Football’s dedicated followers of formation fashion

Football loves a fashion. Be it stupidly high shorts, Sloop John B being used for every chant at every club or footballers frequenting Nandos more than pitches. Then there’s talking to your fans and impromptu question and answer sessions via Twitter.

The same rules seem to govern some pretty critical decisions too. Why else would the FA have even contemplated hiring a England boss from outside their borders a few years back?

That said, Norwich City could probably do with that particular penchant for foreign managers at England’s finest outposts continuing for a little longer yet.

Be it seeking a competitive edge, matching your rivals or believing you can recreate a club’s successful vision in your own back yard, there’s clearly a desire to be ahead of the game. And if you feel behind, then you need to catch up – and quick.

Obviously by this point, I’ve stopped talking about the shorts.

But it certainly applies to a team’s formation and style of play.

Cast your mind back to Italia 90 and those sweeper systems – the sort of line-up that saw Ian Culverhouse (left) primed to help Norwich to third in the Premier League and those superb European nights.

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By the late 1990s, it was all about the wing-backs. Roberto Carlos wasn’t bad at that particular role.

That fashion even reached the dressing room at Trunch FC, where yours truly would shudder at the thought of two men and an entire flank to pick up on a Sunday morning.Calling it even a slightly modest appreciation of the role is probably a bit of a stretch, but it certainly fuels my prejudices.

A bit like flairs and neon, it seems the combination of three centre-halves and wing-backs is coming back into fashion – at Carrow Road, at least.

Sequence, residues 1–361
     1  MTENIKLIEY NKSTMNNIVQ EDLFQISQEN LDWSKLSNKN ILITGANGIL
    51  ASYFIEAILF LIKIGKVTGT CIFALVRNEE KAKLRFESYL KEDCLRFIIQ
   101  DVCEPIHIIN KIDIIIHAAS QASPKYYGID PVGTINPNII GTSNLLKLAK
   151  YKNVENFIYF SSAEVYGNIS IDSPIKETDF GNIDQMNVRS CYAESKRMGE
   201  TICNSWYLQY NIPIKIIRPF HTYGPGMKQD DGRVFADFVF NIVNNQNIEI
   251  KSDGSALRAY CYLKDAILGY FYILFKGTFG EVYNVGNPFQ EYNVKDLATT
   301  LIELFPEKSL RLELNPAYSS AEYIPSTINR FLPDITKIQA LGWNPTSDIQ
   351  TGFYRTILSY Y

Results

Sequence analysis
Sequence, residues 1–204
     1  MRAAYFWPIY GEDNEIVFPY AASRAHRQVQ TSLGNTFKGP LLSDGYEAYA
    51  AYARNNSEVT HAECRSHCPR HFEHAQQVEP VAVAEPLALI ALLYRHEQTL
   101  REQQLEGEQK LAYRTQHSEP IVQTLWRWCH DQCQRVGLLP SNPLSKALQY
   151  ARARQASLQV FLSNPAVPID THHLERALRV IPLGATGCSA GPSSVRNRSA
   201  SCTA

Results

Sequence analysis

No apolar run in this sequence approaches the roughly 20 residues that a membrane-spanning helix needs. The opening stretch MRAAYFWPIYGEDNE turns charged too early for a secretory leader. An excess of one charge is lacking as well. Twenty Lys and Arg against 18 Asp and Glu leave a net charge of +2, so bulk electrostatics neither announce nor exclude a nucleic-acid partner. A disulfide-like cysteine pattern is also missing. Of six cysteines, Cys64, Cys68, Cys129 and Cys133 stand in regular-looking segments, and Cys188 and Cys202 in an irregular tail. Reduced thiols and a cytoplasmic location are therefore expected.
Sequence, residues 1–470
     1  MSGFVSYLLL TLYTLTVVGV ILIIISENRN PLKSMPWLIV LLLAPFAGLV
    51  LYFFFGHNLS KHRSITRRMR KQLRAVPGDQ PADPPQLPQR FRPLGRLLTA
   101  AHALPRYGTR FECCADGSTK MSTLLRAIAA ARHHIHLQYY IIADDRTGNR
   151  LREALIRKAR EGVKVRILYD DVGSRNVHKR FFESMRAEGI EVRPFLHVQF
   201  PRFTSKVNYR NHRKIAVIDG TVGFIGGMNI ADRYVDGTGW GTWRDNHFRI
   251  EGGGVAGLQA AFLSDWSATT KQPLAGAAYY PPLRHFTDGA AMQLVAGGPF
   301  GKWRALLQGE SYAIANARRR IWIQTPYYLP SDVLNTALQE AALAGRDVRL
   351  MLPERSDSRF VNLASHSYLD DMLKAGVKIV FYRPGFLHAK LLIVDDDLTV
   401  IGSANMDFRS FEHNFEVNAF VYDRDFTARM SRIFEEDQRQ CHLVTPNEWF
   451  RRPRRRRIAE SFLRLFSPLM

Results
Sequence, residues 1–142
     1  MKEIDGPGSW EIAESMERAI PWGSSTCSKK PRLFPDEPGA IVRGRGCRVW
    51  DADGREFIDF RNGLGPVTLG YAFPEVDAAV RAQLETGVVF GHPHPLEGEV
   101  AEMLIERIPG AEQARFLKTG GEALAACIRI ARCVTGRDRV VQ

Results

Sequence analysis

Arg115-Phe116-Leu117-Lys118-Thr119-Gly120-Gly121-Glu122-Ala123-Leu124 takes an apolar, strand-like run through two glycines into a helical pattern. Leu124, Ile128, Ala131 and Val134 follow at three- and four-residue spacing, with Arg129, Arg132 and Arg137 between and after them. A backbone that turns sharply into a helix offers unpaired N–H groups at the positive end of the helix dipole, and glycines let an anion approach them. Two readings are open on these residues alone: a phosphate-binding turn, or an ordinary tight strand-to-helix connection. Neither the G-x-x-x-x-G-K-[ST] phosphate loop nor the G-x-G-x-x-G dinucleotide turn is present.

Both Napoli and Athletic Bilbao have made it look beautiful this season, the later most notably at Old Trafford in the Europa League. Roberto Martinez has tried to do similar at Wigan. The three clubs accompany it with four across midfield and a forward trio.

Lambert has kept it to a midfield three and wing-backs making up the defensive difference – with what I still feel is an eye on next season’s top-flight challenge, and exploring exactly what the players currently at his disposal are capable of coping with.

Whether any of this comes from the City boss’ visit to see his Barcelona counterpart Pep Guardiola during City’s break in Spain last month, who knows.

But I suspect Paul Lambert and Ian Culverhouse are already getting some pretty useful answers.

• We didn’t get to talk to chief scout Ewan Chester much when he was at Norwich.

The requests were put in but tended to be turned down – and reading a recent interview with Chester could hint at why.

The Scot is now chief scout at Championship side Birmingham City, having left Colney at the end of the summer to link up with his good friend, Chris Hughton.

Chester told the Birmingham Mail: “I have a lot of time for Norwich…but the chance to work with Chris was too great.

“When you look at a club you look for a vibe. That was there at Birmingham and I have not been disappointed. What we are is a working club. This is also a bigger club. Norwich have done superbly but, no disrespect to them, there is a ceiling to what they can achieve. And after the clubs I have been at, like Rangers and Fulham, I have spent a lot of time in big cities. I like that.

“Norwich is a quiet way of life and to come back to a big city was a big attraction. The fans are more passionate – and the football more important.”

Ouch. Well, there’s one reason for City fans to wish Brum a long, fruitless stay in the second tier…